The bill opens up a wholly different view — one that views a baby as essentially a consumer good subject to the laws of consumer choice, supply, and demand. It is one in which adults can specify the physical and psychological parameter of a child, from its ethnicity to the colour of its eyes, and the arrangements within which the child will be reared.

It opens up the possibility that the unique value of every child is contingent on whether the child measures up to the specifications and expectations of the adults doing the commissioning. This is a view that is a million miles removed from Fine Gael’s values. We are losing sight of the fact that the value of an infant’s life is infinitely greater than its physical characteristics and transcends the impact of a defective gene.

The bill effectively commodifies children by empowering an adult, or a number of adults, to make a child to order. For example, a single man can buy an egg and have a fertility clinic combine it with his sperm and implant the embryo in a woman willing to be a surrogate mother. In this instance, the child will then be raised neither by its birth mother (the surrogate) nor the genetic mother (who provided the egg).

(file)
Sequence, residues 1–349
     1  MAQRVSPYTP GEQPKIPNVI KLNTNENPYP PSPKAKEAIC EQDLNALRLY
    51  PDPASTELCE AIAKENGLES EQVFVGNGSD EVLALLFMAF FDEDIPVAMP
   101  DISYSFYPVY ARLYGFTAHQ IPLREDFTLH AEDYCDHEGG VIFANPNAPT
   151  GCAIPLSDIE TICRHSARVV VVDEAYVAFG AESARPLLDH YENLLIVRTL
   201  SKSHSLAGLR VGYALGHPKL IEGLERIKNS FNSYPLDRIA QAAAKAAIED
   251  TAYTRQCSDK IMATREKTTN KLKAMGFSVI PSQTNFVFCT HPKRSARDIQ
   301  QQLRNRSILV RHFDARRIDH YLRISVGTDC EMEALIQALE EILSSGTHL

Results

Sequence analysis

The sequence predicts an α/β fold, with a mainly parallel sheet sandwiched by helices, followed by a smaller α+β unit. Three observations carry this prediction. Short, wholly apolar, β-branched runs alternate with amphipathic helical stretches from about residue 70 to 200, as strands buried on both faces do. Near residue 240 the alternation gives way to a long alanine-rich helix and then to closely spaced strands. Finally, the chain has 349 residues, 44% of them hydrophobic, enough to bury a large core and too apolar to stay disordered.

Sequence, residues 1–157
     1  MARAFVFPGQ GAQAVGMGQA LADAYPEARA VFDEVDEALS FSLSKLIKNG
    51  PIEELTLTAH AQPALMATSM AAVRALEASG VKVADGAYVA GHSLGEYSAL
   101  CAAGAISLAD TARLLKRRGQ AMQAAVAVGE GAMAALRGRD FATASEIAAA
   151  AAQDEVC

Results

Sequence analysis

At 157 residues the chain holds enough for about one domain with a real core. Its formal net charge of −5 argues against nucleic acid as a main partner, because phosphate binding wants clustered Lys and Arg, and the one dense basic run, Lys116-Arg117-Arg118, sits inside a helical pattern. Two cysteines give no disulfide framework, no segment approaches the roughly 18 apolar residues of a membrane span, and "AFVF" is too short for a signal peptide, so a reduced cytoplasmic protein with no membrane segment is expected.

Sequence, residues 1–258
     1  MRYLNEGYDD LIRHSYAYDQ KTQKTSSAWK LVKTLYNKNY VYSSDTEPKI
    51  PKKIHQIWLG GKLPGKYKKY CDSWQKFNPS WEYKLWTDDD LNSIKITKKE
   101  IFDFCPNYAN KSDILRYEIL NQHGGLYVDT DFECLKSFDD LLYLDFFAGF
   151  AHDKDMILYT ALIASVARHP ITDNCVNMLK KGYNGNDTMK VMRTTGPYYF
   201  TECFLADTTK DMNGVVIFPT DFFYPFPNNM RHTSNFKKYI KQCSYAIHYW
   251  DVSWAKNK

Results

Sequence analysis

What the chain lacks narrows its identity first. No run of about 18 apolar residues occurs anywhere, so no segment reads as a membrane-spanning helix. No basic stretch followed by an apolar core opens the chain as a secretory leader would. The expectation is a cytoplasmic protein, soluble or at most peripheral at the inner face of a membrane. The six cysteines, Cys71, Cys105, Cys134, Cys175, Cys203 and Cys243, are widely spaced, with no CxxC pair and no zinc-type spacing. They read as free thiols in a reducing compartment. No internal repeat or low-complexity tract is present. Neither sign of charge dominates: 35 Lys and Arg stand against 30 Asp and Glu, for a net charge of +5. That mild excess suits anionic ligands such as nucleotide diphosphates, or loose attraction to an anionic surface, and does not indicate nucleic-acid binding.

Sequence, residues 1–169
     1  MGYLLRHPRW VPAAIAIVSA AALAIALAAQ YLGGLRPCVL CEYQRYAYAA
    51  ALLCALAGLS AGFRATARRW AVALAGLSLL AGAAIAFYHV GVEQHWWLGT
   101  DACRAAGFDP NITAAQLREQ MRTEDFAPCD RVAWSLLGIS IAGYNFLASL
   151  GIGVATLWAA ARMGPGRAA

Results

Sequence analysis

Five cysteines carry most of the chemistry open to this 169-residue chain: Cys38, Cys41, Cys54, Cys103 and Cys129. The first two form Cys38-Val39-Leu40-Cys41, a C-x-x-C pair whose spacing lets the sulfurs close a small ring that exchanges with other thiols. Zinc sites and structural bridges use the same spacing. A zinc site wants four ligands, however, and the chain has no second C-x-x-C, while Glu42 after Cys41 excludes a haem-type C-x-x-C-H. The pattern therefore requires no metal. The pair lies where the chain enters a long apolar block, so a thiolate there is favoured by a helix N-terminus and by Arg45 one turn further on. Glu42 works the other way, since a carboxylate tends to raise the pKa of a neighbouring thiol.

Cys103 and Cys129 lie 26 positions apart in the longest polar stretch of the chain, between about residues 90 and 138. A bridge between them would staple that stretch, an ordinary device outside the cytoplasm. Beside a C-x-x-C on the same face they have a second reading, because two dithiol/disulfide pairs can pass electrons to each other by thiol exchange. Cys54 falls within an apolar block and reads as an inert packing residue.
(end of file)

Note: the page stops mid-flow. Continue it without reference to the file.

The bill does not deal with surrogacy. This is, however, likely to be reviewed in light of the Supreme Court’s decision. But unless it bans surrogacy altogether, the type of scenario described above will unfold, with the State’s blessing. The prohibitions on commercial surrogacy simply do not stand up against the power of money.

Mothers and Fathers Matter firmly believes adoption is a good and positive thing, so long as it is voluntary. But using someone else’s egg and/or sperm to commission a child is a different thing entirely. It involves intentionally breaking the natural tie that is fundamental to the healthy emotional development of the child.

The bill will only give a person a right to know their genetic parent when they are 18, but by then, their childhood will have passed and this loss of the wonder years is poverty indeed. If our TDs were to support the bill in its present form, we as a society have no right to judge instances of “forced adoption” from our history and that of other countries.

There are already tens of thousands of people all over the world, conceived by egg and sperm donation, who are seeking out their natural parents and any half-siblings who may have been similarly conceived. One of them, Dr Joanna Rose, is an internationally recognised advocate and will be speaking at Buswells Hotel today at 11am.

The bill does not value marriage. It puts marriage, civil partnerships, and intimate and committed relationships on the same basis. Effectively, this means ‘whatever you’re having yourself’. It is simply nonsense to put these three arrangements on the same level, especially from the child’s perspective.

That is the challenge that will soon confront our legislators. The debate needs time and needs to be child-centred, free of ideology. The party whips may not find it quite so easy to enforce politically expedient legislation on TDs who will reflect on the legacy they wish to be remembered by in this most sensitive area.

Prof Ray Kinsella is chairman of